Week 3: Linear Algebra Tools

Reading Recap

The Immersive Linear Algebra website has good introductory material on linear algebra topics related to computer graphics

  • Chapter 1: Introduction

  • Chapter 2: Vectors (Sections 2.1-2.5)

  • Chapter 6: The Matrix (6.1-6.4, 6.8)

  • Chapter 3: Dot Product (Sections 3.1-3.3, Ex 3.6., 3.7)

The Learn OpenGL website has a good summaries using glm and C++ syntax in an OpenGL context. Similar features are available in TWGL.

The term vector gets overused in computer science, but for graphics, it will be important to distinguish at times between something like a generic type vec3 and the geometric concept of vector. Theorem 2.1 in Chapter 2: Vectors covers the basic rules for vector, scalar operations.

With points \(P,Q\) and vector \(\vec{v}\), we allow the following operations

  • \(Q=P+\vec{v}\) (point displacement)

  • \(Q-P=\vec{v}\) (a variant of above, \(\vec{v}\) points from \(P\) to \(Q\))

  • \(1 \cdot P = P\)

  • \(0 \cdot P = \vec{0}\)

We will typically use the vec[234] GLSL types to store points, colors, and vectors. Even though GLSL will always support vec3 addition, it does not make sense geometrically to add two points.

Change of Basis/Frame

In 3D, a set of three linearly independent vectors, \(\vec{v_1},\vec{v_2}, \vec{v_3}\) form a basis allowing us to express any other vector \(\vec{w}\) as a linear combination of the basis, e.g., \(\vec{w}=a_1\vec{v_1}+a_2\vec{v_2}+a_3\vec{v_3}\). We can write this in matrix form as:

\[\vec{w} = \mathbf{a}^T \cdot \mathbf{v} = \begin{pmatrix} a_1 & a_2 & a_3 \\ \end{pmatrix} \cdot \begin{pmatrix} \vec{v_1} \\ \vec{v_2} \\ \vec{v_3} \\ \end{pmatrix}\]

When the underlying basis is understood, we can express \(\vec{w}\) by just its three coordinates \(\mathbf{a}^T = (a_1, a_2, a_3)\). We will use \(\mathbf{a}^T\) to express coordinates in row form, and the transpose,

\[\mathbf{a} = \begin{pmatrix} a_1 \\ a_2 \\ a_3 \end{pmatrix}\]

to express coordinates in column form.

By adding an origin point \(Q_0\) to our basis, we can define a frame in which we can assign coordinates to both vectors and points. In 3D, we do this by assigning a fourth coordinate that is set to 0 for vectors and 1 for points.

Our vector \(\vec{w}\) is now:

\[\vec{w} = \mathbf{a}^T \cdot \mathbf{v} = \begin{pmatrix} a_1 & a_2 & a_3 & 0\\ \end{pmatrix} \cdot \begin{pmatrix} \vec{v_1} \\ \vec{v_2} \\ \vec{v_3} \\ Q_0 \end{pmatrix}\]

While a point \(P=b_1\vec{v_1}+b_2\vec{v_2}+b_3\vec{v_3}+Q_0\) is defined as:

\[P = \mathbf{b}^T \cdot \mathbf{v} = \begin{pmatrix} b_1 & b_2 & b_3 & 1\\ \end{pmatrix} \cdot \begin{pmatrix} \vec{v_1} \\ \vec{v_2} \\ \vec{v_3} \\ Q_0 \end{pmatrix}\]

which again can be simplified to \(P=(b_1,b_2,b_3,1)\) if the frame is understood.

A frame is not unique. Any set of linearly independent vectors and and origin point can form a frame and coordinate system for measuring points and vectors. In graphics, this is a feature, not a bug, and it will often be convenient to work in one frame rather than another at various points. But since a frame is just a way of assigning coordinates to the underlying concept (a point location in space, or a vector magnitude and direction), there must be a way to change between two frames.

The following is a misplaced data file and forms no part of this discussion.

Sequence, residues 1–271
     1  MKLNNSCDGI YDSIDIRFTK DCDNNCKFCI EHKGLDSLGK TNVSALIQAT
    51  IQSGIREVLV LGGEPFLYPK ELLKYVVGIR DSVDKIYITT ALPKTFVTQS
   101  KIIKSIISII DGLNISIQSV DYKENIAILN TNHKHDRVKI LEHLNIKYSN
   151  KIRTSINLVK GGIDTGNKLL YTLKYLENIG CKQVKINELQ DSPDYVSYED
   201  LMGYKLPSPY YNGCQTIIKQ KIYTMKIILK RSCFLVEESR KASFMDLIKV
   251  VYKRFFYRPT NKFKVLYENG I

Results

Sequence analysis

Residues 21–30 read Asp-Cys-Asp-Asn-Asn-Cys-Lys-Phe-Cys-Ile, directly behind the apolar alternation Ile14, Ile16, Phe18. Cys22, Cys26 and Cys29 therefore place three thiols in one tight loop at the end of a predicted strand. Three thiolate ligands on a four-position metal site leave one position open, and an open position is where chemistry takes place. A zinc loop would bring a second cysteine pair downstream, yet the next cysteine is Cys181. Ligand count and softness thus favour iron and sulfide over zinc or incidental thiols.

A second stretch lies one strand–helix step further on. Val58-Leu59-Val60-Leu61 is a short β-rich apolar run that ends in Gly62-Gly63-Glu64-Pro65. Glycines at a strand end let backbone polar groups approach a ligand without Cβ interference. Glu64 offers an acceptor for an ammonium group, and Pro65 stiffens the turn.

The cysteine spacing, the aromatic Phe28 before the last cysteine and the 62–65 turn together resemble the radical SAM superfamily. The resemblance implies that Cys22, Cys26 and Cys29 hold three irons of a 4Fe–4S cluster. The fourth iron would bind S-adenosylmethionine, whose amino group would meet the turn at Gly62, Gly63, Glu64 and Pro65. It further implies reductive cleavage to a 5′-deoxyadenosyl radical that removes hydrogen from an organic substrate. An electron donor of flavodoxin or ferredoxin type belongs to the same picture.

Let \((\vec{v_1},\vec{v_2}, \vec{v_3}, Q_0)\) be one frame, and let \((\vec{u_1},\vec{u_2}, \vec{u_3}, P_0)\) be another. Since each frame forms a basis, we can write each vector in the other frame as linear combination of the basis vectors, e.g.,




Similarly we can express the origin of one frame in the coordinates of the other.


In matrix form we can write this as

\[\mathbf{u} = \begin{pmatrix} \vec{u_1} \\ \vec{u_2} \\ \vec{u_3} \\ P_0 \end{pmatrix} = \begin{bmatrix} m_{11} & m_{12} & m_{13} & 0 \\ m_{21} & m_{22} & m_{23} & 0 \\ m_{31} & m_{32} & m_{33} & 0 \\ m_{41} & m_{42} & m_{43} & 1 \\ \end{bmatrix} \cdot \begin{pmatrix} \vec{v_1} \\ \vec{v_2} \\ \vec{v_3} \\ Q_0 \end{pmatrix} = \mathbf{M} \cdot \mathbf{v}\]

If a point/vector is expressed with coordinates \(\mathbf{a}^T=(a_1, a_2, a_3, a_4)\) in the \(\mathbf{v}\) frame and coordinates \(\mathbf{b}^T=(b_1, b_2, b_3, b_4)\) in \(\mathbf{u}\) frame, we can convert back and forth using the matrix \(\mathbf{M}^T\) and its inverse as follows:

\(\mathbf{a}^T\mathbf{v} =\mathbf{b}^T\mathbf{u} = \mathbf{b}^T\mathbf{M}\mathbf{v} \implies \mathbf{a}^T= \mathbf{b}^T\mathbf{M}\)

To convert to \(\mathbf{v}\) coordinates from \(\mathbf{u}\) coordinates , use

\(\mathbf{a} = \mathbf{M}^T\mathbf{b}\).

To convert the other way, use

\(\mathbf{b} = \mathbf{M^{-1}}^T\mathbf{a}\)


Suppose you have coordinates in the blue frame below and you want to convert to coordinates in the red frame. Try rewriting the basis vectors and origin of the blue frame vectors/origin in terms of the red frame to compute the matrix \(\mathbf{M}\) and its transpose.


Now go the other way and compute the matrix to convert from red coordinates to blue coordinates. You can either invert the matrix, or swap the roles of \(\mathbf{u}\) and \(\mathbf{v}\) and repeat the first exercise.


The change of frame we did in class on Monday is similar to the one you will need for lab3. Additionally, you can use the twgl.m4 functions to build your projection matrix. m4.scaling([sx,sy,sz]) and m4.translation([tx,ty,tz]) will build and return scaling and translation matrices. The product of these two matrices can form a correct projection matrix if done in the right order and you can use m4.multiply to compute the product. There are other twgl functions that will apply a scale or translation directly to an existing matrix that you are welcome to use, but I encourage you to use the developer console to set a breakpoint and check the output of any computation to understand how they work. The twgl documentation is a bit sparse. There’s always the twgl source code.